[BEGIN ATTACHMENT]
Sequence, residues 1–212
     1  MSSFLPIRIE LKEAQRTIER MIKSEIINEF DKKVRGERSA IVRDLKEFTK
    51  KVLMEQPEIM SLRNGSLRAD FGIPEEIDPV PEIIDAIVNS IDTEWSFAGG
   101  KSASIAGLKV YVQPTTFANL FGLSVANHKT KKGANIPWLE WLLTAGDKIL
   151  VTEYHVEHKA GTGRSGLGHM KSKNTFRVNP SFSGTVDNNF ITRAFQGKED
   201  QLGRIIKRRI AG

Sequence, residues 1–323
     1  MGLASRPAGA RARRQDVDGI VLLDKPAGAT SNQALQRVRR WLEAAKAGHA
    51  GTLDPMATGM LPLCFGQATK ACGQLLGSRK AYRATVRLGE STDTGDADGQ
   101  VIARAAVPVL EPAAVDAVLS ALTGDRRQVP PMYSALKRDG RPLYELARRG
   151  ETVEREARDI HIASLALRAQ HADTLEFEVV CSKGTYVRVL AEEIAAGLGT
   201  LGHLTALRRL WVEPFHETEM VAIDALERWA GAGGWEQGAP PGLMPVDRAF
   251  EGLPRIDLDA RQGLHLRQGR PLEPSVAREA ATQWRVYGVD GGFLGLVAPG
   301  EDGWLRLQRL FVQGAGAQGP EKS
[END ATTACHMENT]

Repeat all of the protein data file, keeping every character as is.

Sequence, residues 1–212
     1  MSSFLPIRIE LKEAQRTIER MIKSEIINEF DKKVRGERSA IVRDLKEFTK
    51  KVLMEQPEIM SLRNGSLRAD FGIPEEIDPV PEIIDAIVNS IDTEWSFAGG
   101  KSASIAGLKV YVQPTTFANL FGLSVANHKT KKGANIPWLE WLLTAGDKIL
   151  VTEYHVEHKA GTGRSGLGHM KSKNTFRVNP SFSGTVDNNF ITRAFQGKED
   201  QLGRIIKRRI AG

Sequence, residues 1–323
     1  MGLASRPAGA RARRQDVDGI VLLDKPAGAT SNQALQRVRR WLEAAKAGHA
    51  GTLDPMATGM LPLCFGQATK ACGQLLGSRK AYRATVRLGE STDTGDADGQ
   101  VIARAAVPVL EPAAVDAVLS ALTGDRRQVP PMYSALKRDG RPLYELARRG
   151  ETVEREARDI HIASLALRAQ HADTLEFEVV CSKGTYVRVL AEEIAAGLGT
   201  LGHLTALRRL WVEPFHETEM VAIDALERWA GAGGWEQGAP PGLMPVDRAF
   251  EGLPRIDLDA RQGLHLRQGR PLEPSVAREA ATQWRVYGVD GGFLGLVAPG
   301  EDGWLRLQRL FVQGAGAQGP EKS